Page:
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On January 28, the words of the greatest of all Cubans take on special significance in day-care centres and schools of all levels of education, and students and workers set off on the evening of January 27 from the University of Havana on a pilgrimage to Central Park, where the first statue erected in Cuba in his memory still stands.
Besides his literary work, he organized the Cuban Revolutionary Party, the political body which brought together the patriots that were willing to wager an all-out military effort against Spanish colonialism until independence was gained. Killed in combat at Dos Ríos in the eastern part of Cuba in 1895, Martí would not get to see the results of the recently begun war that would end in 1898, although a period of US intervention would delay the proclamation of the Republic until May 20, 1902.
Paradoxically, the architect of Cuba’s independence lived very little on home soil. At the age of 16 he served time in prison in Havana and was later exiled in the Isle of Pines before being banished in 1871 to Spain where he studied Civil Law, and Philosophy and Letters at the Universities of Madrid and Zaragoza. He lived in Mexico and Guatemala from 1875 to 1878, making a brief, clandestine visit to the island in early 1877. He returned to Havana in August 1878, but was again banished in September 1879, and settled down in New York where he would live, with a brief stay in Venezuela, until 1895. That year he travelled to the Dominican Republic where he organized an expedition that landed on Playitas de Cajobabo in Baracoa on April 11, 1895.
Despite having lived most of his life outside his homeland, no one has stirred among their countrymen devotion comparable to that for José Martí, to the point that the house where he was born was bought in 1901 through public donations for Martí’s mother, Canarian-born Leonor Pérez, widow of Valencian Mariano Martí. When Dona Leonor passed away, the small house became the property of the Cuban people and was devoted to honour the memory of the National Hero.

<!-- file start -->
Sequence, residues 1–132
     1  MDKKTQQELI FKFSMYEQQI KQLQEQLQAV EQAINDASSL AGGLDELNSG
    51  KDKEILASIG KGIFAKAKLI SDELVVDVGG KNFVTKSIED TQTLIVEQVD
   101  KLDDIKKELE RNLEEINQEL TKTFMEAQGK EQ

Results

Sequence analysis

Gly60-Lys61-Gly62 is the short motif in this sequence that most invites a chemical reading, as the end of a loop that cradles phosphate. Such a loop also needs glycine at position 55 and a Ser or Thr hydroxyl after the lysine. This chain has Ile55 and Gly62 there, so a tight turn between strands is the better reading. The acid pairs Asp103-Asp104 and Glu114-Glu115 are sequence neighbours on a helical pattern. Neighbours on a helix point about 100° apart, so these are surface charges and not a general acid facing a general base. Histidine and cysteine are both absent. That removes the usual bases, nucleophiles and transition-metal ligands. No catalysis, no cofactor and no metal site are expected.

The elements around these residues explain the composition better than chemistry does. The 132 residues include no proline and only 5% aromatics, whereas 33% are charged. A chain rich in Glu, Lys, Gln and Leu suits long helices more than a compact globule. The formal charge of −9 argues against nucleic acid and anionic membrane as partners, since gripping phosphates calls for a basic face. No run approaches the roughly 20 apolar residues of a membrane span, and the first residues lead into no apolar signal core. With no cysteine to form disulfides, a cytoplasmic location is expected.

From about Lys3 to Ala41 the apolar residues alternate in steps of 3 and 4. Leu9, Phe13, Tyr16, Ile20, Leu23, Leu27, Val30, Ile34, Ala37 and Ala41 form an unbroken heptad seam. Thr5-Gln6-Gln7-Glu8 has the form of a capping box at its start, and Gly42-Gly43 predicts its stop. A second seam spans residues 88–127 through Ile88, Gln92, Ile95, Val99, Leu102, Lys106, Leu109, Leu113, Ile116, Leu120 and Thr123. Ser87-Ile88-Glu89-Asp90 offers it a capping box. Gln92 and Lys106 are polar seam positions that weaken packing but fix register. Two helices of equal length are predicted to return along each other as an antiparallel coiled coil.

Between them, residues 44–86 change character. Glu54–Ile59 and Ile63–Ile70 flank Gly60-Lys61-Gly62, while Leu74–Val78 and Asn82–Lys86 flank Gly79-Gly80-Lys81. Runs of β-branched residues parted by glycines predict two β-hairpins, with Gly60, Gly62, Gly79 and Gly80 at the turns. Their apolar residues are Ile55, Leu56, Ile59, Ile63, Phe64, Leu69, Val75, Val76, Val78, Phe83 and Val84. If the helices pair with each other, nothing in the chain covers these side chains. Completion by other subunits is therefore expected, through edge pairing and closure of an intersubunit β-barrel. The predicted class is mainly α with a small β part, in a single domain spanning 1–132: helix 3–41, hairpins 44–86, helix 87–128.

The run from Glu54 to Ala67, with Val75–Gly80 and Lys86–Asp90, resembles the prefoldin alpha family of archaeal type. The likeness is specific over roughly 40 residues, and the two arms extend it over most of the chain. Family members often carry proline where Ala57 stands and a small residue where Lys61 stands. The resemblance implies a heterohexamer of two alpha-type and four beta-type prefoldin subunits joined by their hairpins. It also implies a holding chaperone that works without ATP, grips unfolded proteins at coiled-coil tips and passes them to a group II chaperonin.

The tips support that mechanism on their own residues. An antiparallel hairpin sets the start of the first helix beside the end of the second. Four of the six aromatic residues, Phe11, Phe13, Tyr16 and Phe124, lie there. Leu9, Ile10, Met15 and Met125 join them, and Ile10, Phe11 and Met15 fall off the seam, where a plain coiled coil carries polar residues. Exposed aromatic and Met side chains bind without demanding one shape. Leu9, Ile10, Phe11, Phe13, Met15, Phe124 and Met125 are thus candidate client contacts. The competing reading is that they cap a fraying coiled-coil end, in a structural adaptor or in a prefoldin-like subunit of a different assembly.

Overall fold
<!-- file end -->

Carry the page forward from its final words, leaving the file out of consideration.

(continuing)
The modest dwelling, which opened as a museum on January 28, 1925, was established as a National Monument in 1949. It holds many personal belongings of the great intellectual and political leader who lived there only a few years. What child in Havana can say that they have never visited “Martí’s little house” as it is popularly known? My father took me there on my first visit almost 50 years ago while almost 15 years have passed since I took my own child on his first visit there. Usually talkative and spirited, and accustomed to visiting imposing museums and cultural institutions in Old Havana, my son grew silent and whispered in my ear: “Martí was so poor!” as if he found it difficult to associate the beauty of Martí’s poems, which he had heard and learned since he was very little, with the unpretentious and modest dwelling. Unknowingly, he was paying tribute to the austerity of the man who had ratified with his death what he had proclaimed in his verses: “With the poor people of the earth / I want to share my fate,” the man who every January 28 is remembered by good Cubans, wherever they are.
January 2015 This article formed part of the January 2015 issue of What’s On Havana The definitive monthly travel & culture guide to Havana Download our current issue of What’s On Havana, your definitive travel, culture and entertainment guide for all things happening in Havana, Cuba’s bustling and enigmatic capital city. We include features from around Cuba written by the best international travel writers covering Cuba. Our monthly online digital magazine is also available in Spanish and French.
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